The Green World Revolution (GWR) farm was started last year by Toby Whittington with an aim to highlight the positive effects of urban and suburban horticulture.
‘We established GWR to help solve environmental and urban social problems using horticulture as the vehicle,’ he said.
‘Urban agriculture seemed a logical first step as a way to convert under-utilised urban space into productive green islands in the city.’
The bright greens and purples of the leaves, herbs and micro-greens being grown at the farm are a stark contrast to the surrounding buildings on the light industrial strip.
While the farm is somewhat hidden, the local community and restaurateurs who know about it are supplied with a range of produce grown seasonally.
‘This area of Perth is perfectly located on the edge of the CBD, and hosts a great mix of residential, commercial, warehouse and empty properties that are ideal for the development of urban agriculture,’ Mr Whittington. ‘From this end of Perth, it is really easy for us to get our produce into the City via bicycle straight down the cycle path and easy for people to visit us via the public transport network.’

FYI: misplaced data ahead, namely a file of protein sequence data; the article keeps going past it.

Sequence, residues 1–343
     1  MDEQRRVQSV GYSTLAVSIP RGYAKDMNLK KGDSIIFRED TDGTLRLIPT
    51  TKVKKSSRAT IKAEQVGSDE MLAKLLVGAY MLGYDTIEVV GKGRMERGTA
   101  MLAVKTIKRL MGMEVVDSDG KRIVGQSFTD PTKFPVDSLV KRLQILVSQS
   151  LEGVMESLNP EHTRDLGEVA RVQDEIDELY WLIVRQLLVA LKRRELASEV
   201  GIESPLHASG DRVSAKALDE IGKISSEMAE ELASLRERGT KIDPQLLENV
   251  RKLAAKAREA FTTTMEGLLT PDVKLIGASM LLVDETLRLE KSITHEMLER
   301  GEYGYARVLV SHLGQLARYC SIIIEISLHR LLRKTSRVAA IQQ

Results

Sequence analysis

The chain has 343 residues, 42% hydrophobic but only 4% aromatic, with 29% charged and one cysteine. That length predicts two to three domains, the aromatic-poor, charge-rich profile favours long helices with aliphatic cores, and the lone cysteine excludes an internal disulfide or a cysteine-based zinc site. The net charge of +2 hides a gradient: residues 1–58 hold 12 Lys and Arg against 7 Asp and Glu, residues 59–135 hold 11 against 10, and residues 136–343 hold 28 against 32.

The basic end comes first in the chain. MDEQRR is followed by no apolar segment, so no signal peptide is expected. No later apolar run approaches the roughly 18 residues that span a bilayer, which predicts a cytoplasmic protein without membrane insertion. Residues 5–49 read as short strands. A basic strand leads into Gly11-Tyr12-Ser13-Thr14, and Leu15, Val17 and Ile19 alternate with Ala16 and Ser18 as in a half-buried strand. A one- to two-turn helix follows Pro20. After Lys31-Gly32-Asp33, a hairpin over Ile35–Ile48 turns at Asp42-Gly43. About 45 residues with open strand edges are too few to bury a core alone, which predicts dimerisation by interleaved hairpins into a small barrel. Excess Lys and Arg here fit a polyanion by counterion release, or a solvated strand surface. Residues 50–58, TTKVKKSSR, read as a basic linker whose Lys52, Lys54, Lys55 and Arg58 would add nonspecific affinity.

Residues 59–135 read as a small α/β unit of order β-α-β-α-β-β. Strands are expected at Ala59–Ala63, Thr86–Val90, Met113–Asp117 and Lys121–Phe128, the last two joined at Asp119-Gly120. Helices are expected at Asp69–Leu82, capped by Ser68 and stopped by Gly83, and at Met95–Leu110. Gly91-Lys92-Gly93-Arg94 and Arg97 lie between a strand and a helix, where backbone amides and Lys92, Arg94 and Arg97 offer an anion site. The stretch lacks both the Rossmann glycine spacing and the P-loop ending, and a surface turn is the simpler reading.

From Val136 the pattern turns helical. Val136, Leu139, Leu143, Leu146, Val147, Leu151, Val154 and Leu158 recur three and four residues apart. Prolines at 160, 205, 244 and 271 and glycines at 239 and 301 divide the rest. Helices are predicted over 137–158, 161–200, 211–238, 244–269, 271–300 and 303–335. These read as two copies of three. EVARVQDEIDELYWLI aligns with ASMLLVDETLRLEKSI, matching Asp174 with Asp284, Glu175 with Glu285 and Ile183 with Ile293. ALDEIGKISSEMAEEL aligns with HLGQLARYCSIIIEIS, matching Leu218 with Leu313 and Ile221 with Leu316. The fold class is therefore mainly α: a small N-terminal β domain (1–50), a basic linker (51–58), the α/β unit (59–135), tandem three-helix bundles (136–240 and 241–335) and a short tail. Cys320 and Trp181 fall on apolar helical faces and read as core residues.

He said the produce, mainly leafy greens, grown at the farm were chosen as they sprouted quickly and could provide regular supply to restaurants.
‘Food miles are becoming a big issue around the world, so it is important for us to grow seasonal produce; generally out of season produce has to travel from further away,’ he said.
Farm manager Danial Watson, of Yokine, said urban farming could provide an outlet for many people.
‘We spend so much time doing jobs to earn money to buy food and other things to support ourselves,’ he said. ‘If you can provide one of the essentials of life, be that food, water or shelter, without getting your wallet out, then your psychological wellbeing will benefit.’
Mr Whittington said he was hoping to develop similar farms at other under-utilised spots including on rooftops in the Perth CBD and Northbridge.